Press and Public Relations

Tailor-made viruses for enhanced cancer therapy

No. 23 | 02/05/2017 | by Koh

Scientists collaborating in a new bi-national research unit that was officially inaugurated on May 2 in Luxemburg aim to develop a second-generation viral therapy for cancer. The two partners in the new alliance are the German Cancer Research Center (DKFZ) in Heidelberg and the Luxembourg Institute of Health (LIH). The researchers plan to develop a method that combines the benefits of oncolytic viruses and of gene therapy. One goal is to treat brain cancer more effectively.

Computer-generated image of a parvovirus
© Antonio Marchini, DKFZ

Scientists at the German Cancer Research Center (Deutsches Krebsforschungszentrum, DKFZ) have been studying the use of viruses to treat cancer for several decades. DKFZ researchers were the first to discover the oncolytic (cancer-destroying) potential of parvoviruses, a class of viruses that normally infect rodents while not causing any disease symptoms in humans. A parvovirus therapy developed at the DKFZ to treat advanced glioblastoma, an extremely aggressive type of brain cancer, has already been tested with very promising results in a clinical trial. The newly founded bi-national research unit called Laboratory of Oncolytic Virus Immuno-Therapeutics, or LOVIT, aims to further develop and expand this therapy concept.

"First we have to further enhance the therapeutic effect of the viruses, particularly in order to prevent the cancer from returning in the wake of initially successful treatment, said DKFZ's Antonio Marchini, who is the head of LOVIT. "The strategy that we have developed to this end is to fuse two different viruses that each have specific advantages: Adenoviruses, with their large genome, are suitable for transporting therapeutic genes, for example, to boost the immune response against cancer. Parvoviruses infect cancer cells and kill them. This means we plan to develop a second-generation cancer virotherapy that comprises gene therapy and immunotherapy."

"Together with our partners from the Luxembourg Institute of Health, our strong endeavor will be to test the new therapy concepts as swiftly as possible in clinical trials," said Michal Baumann, DKFZ's Chairman and Scientific Director. "This is fundamental for advancing medical progress. Particularly in cancer research, collaborations across national borders are considered an ideal possibility to generate trials with meaningful results."

The DKFZ virologists have already shown in first studies that the chimeras of adenoviruses and parvoviruses are capable of infecting and destroying cancer cells. The scientists now plan to further explore the therapeutic potential of the viral chimeras. The partners from LIH under the leadership of Simone Niclou will contribute their comprehensive experience in preclinical testing of brain cancer therapies. Besides glioblastoma, the scientists also plan to go for pancreatic cancer, another extremely aggressive type of cancer.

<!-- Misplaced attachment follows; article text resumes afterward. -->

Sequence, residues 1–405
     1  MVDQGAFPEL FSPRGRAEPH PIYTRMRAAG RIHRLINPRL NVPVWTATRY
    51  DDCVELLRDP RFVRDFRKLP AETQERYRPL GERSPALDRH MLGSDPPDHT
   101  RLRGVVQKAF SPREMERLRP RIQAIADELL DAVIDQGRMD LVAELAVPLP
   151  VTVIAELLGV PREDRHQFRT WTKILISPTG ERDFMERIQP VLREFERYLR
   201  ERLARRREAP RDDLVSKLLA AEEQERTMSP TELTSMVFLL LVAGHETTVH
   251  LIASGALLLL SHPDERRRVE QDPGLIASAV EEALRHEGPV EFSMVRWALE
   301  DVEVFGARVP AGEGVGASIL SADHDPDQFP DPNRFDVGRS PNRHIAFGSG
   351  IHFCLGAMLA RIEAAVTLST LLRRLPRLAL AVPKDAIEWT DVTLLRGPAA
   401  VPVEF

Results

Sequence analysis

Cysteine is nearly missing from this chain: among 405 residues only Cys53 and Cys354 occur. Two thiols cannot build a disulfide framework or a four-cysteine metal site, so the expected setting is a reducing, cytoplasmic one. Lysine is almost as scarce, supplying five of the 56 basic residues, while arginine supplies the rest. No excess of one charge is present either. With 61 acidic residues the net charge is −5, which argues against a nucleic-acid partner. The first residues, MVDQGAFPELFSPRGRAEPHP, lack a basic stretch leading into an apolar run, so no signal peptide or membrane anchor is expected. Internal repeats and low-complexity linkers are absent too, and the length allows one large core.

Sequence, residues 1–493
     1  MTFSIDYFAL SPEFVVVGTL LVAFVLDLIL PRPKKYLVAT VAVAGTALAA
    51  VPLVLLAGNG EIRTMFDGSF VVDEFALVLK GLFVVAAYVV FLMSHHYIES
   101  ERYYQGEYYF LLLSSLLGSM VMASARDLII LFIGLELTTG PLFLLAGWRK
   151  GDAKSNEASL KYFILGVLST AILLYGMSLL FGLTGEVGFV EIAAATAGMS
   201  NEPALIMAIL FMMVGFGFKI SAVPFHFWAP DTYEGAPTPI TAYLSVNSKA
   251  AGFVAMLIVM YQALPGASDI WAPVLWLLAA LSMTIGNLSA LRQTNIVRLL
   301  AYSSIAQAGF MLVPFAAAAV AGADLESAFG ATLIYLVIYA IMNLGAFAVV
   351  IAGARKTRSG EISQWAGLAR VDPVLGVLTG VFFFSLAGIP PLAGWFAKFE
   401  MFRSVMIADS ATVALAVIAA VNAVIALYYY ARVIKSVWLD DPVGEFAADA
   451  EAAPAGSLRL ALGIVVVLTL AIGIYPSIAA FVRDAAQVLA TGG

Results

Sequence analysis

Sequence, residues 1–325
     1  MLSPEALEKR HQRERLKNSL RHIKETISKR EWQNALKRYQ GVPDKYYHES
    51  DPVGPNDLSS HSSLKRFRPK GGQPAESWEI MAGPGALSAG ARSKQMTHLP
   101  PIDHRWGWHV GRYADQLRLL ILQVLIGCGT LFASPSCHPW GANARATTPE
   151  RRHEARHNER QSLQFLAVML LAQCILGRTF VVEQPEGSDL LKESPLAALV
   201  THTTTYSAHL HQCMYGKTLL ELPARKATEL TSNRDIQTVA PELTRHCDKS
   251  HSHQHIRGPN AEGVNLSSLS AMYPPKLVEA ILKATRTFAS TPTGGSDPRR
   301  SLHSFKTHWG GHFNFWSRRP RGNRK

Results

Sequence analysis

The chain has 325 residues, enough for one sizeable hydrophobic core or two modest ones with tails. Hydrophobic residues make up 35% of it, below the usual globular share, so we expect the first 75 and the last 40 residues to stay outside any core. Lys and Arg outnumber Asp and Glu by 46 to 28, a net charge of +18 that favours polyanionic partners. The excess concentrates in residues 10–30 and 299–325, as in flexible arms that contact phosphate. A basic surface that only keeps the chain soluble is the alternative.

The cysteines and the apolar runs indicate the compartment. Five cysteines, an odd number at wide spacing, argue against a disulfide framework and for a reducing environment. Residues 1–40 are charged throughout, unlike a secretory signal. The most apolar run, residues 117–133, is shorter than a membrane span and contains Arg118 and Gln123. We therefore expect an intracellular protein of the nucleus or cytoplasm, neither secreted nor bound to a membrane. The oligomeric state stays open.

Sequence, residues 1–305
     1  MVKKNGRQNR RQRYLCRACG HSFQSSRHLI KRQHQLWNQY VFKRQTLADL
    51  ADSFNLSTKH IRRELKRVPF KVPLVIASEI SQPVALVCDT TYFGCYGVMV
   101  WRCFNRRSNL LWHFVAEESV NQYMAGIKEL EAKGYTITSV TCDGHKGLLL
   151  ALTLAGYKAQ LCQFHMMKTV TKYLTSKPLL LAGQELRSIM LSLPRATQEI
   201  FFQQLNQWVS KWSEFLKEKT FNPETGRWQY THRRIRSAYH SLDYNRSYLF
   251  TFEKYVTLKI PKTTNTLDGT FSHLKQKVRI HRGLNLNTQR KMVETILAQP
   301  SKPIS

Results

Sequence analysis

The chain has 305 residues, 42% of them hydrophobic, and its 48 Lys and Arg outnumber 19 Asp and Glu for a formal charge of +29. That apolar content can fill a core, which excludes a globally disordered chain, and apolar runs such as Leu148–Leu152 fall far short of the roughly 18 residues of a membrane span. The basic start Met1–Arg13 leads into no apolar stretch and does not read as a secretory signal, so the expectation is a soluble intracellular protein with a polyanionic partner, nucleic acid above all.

LOVIT will be operating laboratories in Luxemburg and Heidelberg and will start out with eight staff members. The research unit is funded by the Luxembourg Institute of Health, the DKFZ and the Luxemburg cancer foundation "Fondation Cancer".

An image for this press release is available at:
http://www.dkfz.de/de/presse/pressemitteilungen/2017/bilder/Parvovirus.jpg

Caption: Computer-generated image of a parvovirus

Note on use of images related to press releases
Use is free of charge. The German Cancer Research Center (Deutsches Krebsforschungszentrum, DKFZ) permits one-time use in the context of reporting about the topic covered in the press release. Images have to be cited as follows: "Source: Antonio Marchini, DKFZ".
Distribution of images to third parties is not permitted unless prior consent has been obtained from DKFZ's Press Office (phone: ++49-(0)6221 42 2854, E-mail: presse@dkfz.de). Any commercial use is prohibited.

The German Cancer Research Center (Deutsches Krebsforschungszentrum, DKFZ) with its more than 3,000 employees is the largest biomedical research institute in Germany. At DKFZ, more than 1,000 scientists investigate how cancer develops, identify cancer risk factors and endeavor to find new strategies to prevent people from getting cancer. They develop novel approaches to make tumor diagnosis more precise and treatment of cancer patients more successful. The staff of the Cancer Information Service (KID) offers information about the widespread disease of cancer for patients, their families, and the general public. Jointly with Heidelberg University Hospital, DKFZ has established the National Center for Tumor Diseases (NCT) Heidelberg, where promising approaches from cancer research are translated into the clinic. In the German Consortium for Translational Cancer Research (DKTK), one of six German Centers for Health Research, DKFZ maintains translational centers at seven university partnering sites. Combining excellent university hospitals with high-profile research at a Helmholtz Center is an important contribution to improving the chances of cancer patients. DKFZ is a member of the Helmholtz Association of National Research Centers, with ninety percent of its funding coming from the German Federal Ministry of Education and Research and the remaining ten percent from the State of Baden-Württemberg.

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